Racial discrimination is a pervasive social problem that has a negative impact on the physical and mental health of ethnic minority groups. Yet few researchers have examined this phenomenon within the growing population of multiracial persons, which according to the 2010 census has dramatically increased by 32% since 2000. This is particularly troubling in lieu of new evidence that multiracial persons may be more vulnerable to racial discrimination and other mental and behavioral health risks. This highlights the need for social workers to understand the risks and strengths associated with multiracial identity and navigating multiple racial and ethnic ties within a racialized society.
The purpose of the study was to examine the relationships between perceived racial discrimination, multiracial identity integration, and psychological adjustment of diverse multiracial persons.
Three hypotheses guided this study: (1) perceived racial discrimination would negatively correlate with psychological adjustment (i.e., lower depression, anxiety, stress, negative affect, and higher positive affect); (2) individuals with high multiracial identity integration (who identify strongly with two or more racial groups) would positively correlate with psychological adjustment; and (3) strong multiracial identity integration would buffer the effect of perceived racial discrimination on psychological adjustment.
An online cross-sectional survey design was used to test the three study hypotheses.
The online sample consisted of 263 multiracial persons living in the U.S. The majority of participants were women (78%) ranging in age from 18 to 64 (m=32, SD=9.41), and of mixed Asian heritage (about 30%). Respondents were recruited through online member distribution listservs of national multiracial organizations.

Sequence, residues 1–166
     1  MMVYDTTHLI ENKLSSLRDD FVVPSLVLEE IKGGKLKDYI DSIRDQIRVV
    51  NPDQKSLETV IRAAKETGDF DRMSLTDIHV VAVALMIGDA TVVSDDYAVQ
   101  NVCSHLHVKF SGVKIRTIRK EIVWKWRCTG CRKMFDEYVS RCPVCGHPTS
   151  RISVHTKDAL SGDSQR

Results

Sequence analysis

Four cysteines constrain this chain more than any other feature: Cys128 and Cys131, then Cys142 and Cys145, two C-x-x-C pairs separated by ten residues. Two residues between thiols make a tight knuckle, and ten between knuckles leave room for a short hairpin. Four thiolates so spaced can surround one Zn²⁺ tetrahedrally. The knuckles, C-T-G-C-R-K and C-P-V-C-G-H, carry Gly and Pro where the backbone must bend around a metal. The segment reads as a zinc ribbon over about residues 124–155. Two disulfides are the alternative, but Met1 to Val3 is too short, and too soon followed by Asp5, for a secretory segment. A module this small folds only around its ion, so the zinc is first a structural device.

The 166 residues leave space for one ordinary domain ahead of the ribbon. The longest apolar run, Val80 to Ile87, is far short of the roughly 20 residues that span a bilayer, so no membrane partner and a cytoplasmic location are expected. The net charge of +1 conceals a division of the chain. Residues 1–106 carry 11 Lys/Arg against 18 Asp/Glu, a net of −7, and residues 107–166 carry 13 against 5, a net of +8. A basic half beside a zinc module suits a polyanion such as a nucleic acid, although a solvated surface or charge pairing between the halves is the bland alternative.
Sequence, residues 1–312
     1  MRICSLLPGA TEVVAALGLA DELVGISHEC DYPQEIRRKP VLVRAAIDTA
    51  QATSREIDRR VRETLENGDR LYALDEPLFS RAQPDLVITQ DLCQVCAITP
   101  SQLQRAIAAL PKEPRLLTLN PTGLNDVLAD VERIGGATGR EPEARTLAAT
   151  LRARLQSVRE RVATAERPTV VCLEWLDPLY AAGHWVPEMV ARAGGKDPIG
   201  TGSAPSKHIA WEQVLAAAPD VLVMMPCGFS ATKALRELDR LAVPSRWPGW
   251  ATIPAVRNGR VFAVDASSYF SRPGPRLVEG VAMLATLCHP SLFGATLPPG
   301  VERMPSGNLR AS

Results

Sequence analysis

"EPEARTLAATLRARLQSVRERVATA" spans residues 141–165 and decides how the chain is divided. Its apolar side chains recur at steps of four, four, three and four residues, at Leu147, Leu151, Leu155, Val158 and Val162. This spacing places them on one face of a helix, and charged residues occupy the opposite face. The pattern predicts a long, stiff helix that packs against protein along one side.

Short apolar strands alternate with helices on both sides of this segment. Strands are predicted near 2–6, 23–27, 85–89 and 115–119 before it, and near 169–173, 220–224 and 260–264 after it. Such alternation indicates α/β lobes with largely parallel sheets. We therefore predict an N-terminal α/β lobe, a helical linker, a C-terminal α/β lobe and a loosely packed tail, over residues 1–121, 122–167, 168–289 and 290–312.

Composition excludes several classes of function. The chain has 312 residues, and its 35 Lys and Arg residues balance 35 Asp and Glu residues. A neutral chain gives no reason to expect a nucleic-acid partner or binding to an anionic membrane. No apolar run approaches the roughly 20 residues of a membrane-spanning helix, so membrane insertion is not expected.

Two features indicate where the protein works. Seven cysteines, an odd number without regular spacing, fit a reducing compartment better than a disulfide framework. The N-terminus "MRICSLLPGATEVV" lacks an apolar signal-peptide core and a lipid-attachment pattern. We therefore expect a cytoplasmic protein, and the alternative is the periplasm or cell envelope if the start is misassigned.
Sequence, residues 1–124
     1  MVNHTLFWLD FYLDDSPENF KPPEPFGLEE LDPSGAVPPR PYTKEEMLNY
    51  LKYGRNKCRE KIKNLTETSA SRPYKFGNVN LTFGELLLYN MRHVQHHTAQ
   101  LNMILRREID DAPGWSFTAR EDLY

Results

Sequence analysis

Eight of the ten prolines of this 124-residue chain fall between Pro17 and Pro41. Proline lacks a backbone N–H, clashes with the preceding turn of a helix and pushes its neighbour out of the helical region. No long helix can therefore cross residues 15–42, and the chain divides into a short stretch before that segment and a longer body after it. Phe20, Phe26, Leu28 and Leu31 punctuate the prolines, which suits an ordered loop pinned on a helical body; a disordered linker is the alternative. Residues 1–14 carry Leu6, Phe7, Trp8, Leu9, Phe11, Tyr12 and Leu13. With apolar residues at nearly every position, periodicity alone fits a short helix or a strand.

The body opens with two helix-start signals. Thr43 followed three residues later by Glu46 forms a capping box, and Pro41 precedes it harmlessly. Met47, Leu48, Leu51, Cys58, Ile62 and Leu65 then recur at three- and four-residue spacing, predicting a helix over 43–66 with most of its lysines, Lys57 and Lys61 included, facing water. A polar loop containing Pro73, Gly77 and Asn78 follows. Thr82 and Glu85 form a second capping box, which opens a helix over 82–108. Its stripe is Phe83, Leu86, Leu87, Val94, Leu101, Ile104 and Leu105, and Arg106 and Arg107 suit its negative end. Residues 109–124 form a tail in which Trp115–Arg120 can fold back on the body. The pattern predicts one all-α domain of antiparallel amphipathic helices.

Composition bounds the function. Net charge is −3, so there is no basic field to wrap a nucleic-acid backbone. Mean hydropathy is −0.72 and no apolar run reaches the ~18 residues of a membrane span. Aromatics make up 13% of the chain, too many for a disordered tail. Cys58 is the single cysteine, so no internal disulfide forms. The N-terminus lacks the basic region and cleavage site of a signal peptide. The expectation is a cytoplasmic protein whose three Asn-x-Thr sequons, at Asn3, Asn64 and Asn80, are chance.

The online survey was comprised of a demographic questionnaire, the Perceived Ethnic Discrimination Questionnaire (IV) (for this study the internal reliability estimate was .92), the Multiracial Identity Integration scale (IV) (á=.81), the Depression Anxiety and Stress Scale (DV) (depression: á=.91, anxiety: á=.81, stress: á=.87), and the Positive Affect Negative Affect Schedule (DV) (Positive:á=.84; Negative:á=.82).
Hierarchical regression analyses were used to test hypothesized main and interaction effects. Regression slopes of significant two-way interactions were plotted using predicted values for representative high (+1 SD) and low (—1 SD) multiracial identity integration on perceived racial discrimination.
All three hypotheses were supported: (1) respondents who perceived more racial discrimination due to their multiracial background reported lower psychological adjustment (p<.05); (2) respondents with strong multiracial identity integration (i.e., who identify strongly with multiple groups and perceive low conflict between their racial groups) reported higher psychological adjustment (i.e., lower depression, anxiety, stress, negative affect, and higher positive affect) (p<.05); and (3) strong multiracial identity integration buffered the effects of perceived racial discrimination on depression, anxiety, and negative affect (p<.05), but not stress.
Conclusions and Implications:
Findings from this study suggest multiracial persons who interpret less conflict and more connectivity between their multiple racial associations may be less vulnerable to some of the negative psychological outcomes linked with discrimination and racism. One important practice implication is that multiracial clients may benefit from cultural enhancing, strength-based therapies that encourages one to recognize the values and opportunities of having multiple racial associations.